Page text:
Because the ink is alive, it is technically programmable in the sense that it can self-assemble proteins into nanofibers, and further assemble those into nanofiber networks that comprise hydrogels.
One of the researchers compared the ink to a seed, which has everything it needs to eventually grow into a glorious tree. In this way, the ink could be used as a renewable building material both on Earth and in space. Though the ink does not continue to grow after being printed, the resulting structure would be a living system that could theoretically heal itself.
The ink creation process begins when the researchers induce genetically-engineered bacteria cultures to grow the ink, which is also made of living cells. The ink is then harvested and becomes gelatin-like, holding its shape well enough to go through a 3D printer. It even passes the bridging test, supporting its own weight between pillars placed up to 16 mm apart. (We’d like to see a Benchie.)
When you’ve got a diabetic in your life, there are few moments in any day that are free from thoughts about insulin. Insulin is literally the first coherent thought I have every morning, when I check my daughter’s blood glucose level while she’s still asleep, and the last thought as I turn out the lights, making sure she has enough in her insulin pump to get through the night. And in between, with the constant need to calculate dosing, adjust levels, add corrections for an unexpected snack, or just looking in the fridge and counting up the number of backup vials we have on hand, insulin is a frequent if often unwanted intruder on my thoughts.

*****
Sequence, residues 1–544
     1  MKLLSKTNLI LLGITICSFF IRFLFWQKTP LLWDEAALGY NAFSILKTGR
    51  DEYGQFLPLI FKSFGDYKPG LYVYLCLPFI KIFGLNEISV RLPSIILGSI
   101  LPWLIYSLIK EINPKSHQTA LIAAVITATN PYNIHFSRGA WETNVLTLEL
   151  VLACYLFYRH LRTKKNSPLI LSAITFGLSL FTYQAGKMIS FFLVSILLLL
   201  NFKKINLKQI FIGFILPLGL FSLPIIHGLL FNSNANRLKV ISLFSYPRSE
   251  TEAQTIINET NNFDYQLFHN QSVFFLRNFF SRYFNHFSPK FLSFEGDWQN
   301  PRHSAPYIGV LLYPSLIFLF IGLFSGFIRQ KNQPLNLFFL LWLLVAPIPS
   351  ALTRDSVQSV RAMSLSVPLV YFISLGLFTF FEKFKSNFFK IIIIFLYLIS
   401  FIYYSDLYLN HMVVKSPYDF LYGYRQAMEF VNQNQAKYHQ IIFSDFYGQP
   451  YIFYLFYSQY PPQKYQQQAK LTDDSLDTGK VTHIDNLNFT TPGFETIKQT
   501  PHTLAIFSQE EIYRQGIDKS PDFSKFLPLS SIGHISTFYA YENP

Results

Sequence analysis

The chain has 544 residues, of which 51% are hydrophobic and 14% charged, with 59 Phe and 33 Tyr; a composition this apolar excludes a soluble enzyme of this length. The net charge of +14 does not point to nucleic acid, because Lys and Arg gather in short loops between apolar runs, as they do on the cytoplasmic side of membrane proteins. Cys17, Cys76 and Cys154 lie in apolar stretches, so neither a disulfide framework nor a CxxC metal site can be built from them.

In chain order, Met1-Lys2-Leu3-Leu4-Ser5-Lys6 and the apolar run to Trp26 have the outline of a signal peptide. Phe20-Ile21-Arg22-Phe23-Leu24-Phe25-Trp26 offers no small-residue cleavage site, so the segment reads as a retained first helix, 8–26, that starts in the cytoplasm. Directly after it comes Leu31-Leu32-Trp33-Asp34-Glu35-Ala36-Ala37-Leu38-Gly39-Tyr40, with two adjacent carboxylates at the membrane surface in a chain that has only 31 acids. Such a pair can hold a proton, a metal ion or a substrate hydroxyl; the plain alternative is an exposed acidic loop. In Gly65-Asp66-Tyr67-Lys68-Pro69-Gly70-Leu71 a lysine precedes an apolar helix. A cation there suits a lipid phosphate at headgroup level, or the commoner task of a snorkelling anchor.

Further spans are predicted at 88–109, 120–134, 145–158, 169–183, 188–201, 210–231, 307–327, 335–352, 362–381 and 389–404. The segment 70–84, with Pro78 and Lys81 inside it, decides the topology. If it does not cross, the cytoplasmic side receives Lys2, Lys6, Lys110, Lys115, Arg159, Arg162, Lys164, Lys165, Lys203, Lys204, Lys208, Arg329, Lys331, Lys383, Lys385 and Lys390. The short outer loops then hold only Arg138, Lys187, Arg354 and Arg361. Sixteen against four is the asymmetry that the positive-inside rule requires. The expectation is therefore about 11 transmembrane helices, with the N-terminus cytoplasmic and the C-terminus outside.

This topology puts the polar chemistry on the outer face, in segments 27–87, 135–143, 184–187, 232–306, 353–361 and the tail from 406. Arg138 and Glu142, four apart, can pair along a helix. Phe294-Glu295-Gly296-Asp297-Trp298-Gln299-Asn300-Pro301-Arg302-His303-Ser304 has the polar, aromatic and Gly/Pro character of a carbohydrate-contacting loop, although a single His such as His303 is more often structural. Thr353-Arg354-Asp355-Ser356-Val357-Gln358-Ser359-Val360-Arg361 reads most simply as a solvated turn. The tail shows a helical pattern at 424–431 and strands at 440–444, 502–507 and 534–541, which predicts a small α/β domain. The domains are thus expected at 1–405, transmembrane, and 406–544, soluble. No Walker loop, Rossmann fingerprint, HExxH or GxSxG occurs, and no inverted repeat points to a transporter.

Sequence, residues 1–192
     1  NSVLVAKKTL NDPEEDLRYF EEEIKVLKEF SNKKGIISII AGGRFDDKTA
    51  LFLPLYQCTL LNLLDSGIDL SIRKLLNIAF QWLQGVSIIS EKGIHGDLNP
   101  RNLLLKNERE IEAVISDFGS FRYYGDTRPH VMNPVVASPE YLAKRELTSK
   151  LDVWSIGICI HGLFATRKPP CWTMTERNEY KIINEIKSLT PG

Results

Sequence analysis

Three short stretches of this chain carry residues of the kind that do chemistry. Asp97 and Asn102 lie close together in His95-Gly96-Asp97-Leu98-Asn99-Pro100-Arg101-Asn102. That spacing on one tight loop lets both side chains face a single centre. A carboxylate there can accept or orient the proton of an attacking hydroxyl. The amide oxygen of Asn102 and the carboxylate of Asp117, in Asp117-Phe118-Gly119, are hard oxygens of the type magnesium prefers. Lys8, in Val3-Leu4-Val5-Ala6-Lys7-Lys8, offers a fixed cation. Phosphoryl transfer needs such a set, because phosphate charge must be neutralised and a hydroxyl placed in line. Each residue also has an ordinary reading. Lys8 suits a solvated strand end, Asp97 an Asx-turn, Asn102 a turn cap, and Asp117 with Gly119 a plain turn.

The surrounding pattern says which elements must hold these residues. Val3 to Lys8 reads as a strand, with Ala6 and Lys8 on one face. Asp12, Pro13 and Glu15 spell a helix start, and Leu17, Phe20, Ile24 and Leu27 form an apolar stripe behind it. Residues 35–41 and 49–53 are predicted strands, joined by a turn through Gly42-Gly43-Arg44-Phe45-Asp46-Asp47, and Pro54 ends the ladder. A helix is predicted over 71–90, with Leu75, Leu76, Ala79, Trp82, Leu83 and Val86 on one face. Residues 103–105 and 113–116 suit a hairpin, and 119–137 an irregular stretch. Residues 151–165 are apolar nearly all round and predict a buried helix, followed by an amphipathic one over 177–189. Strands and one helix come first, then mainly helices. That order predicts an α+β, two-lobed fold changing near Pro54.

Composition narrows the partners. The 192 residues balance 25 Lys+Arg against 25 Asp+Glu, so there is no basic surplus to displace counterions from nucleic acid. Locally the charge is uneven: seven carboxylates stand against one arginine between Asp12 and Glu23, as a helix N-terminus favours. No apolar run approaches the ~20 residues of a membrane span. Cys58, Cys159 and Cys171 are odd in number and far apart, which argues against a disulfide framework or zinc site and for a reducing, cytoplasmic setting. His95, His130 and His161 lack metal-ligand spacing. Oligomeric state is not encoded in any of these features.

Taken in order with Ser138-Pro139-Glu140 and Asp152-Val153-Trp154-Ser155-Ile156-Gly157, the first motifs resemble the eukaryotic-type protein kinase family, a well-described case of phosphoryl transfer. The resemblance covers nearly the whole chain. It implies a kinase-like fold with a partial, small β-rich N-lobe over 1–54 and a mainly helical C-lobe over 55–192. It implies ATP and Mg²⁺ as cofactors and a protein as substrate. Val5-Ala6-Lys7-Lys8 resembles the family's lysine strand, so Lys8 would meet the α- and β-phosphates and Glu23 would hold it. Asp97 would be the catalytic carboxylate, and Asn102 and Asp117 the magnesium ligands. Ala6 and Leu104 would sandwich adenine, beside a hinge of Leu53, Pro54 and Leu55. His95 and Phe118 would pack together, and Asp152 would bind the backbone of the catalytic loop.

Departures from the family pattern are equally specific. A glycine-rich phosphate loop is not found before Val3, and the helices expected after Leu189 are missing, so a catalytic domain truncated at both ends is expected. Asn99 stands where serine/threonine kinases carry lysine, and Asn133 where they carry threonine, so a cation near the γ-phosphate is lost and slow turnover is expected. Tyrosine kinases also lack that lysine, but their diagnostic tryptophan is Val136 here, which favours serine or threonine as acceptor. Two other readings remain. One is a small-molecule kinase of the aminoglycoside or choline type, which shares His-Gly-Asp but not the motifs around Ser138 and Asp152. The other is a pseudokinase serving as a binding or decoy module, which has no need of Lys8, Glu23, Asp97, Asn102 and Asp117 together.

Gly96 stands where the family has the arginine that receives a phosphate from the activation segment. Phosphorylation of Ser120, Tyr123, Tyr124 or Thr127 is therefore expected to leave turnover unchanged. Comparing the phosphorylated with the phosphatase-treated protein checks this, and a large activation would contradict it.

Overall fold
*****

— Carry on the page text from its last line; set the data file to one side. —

And now, as my daughter gets older and seeks like any teenager to become more independent, new thoughts about insulin have started to crop up. Insulin is expensive, and while we have excellent insurance, that can always change in a heartbeat. But even if it does, the insulin must flow — she has no choice in the matter. And so I thought it would be instructional to take a look at how insulin is made on a commercial scale, in the context of a growing movement of biohackers who are looking to build a more distributed system of insulin production. Their goal is to make insulin affordable, and with a vested interest, I want to know if they’ve got any chance of making that goal a reality.
The wrap can be applied to things temporarily, much like that stuff you wrestle from the box and stretch over your leftovers. It can also be shrink-wrapped to any compatible surface without losing effectiveness. The ability to cover surfaces with bacteria-shielding armor could have an incredible impact on superbug populations inside hospitals. It could be shrink-wrapped to all kinds of things, from door handles to railings to waiting room chair armrests to the pens that everyone uses to sign off on receiving care.
Many people who read Hackaday hold the title of “Webmaster” but [The Thought Emporium] is after slightly different credentials with the same title. He aims to modify a strain of yeast to produce spider silk. Charlotte’s Web didn’t go into great detail about the different types of silk that a spider can produce, but the video and screencap after the break give a rundown of how spiders make different types of silk, and that each species of spider makes a unique silk. For this experiment, the desired silk is “beta sheets” which the video explains are hard and strong.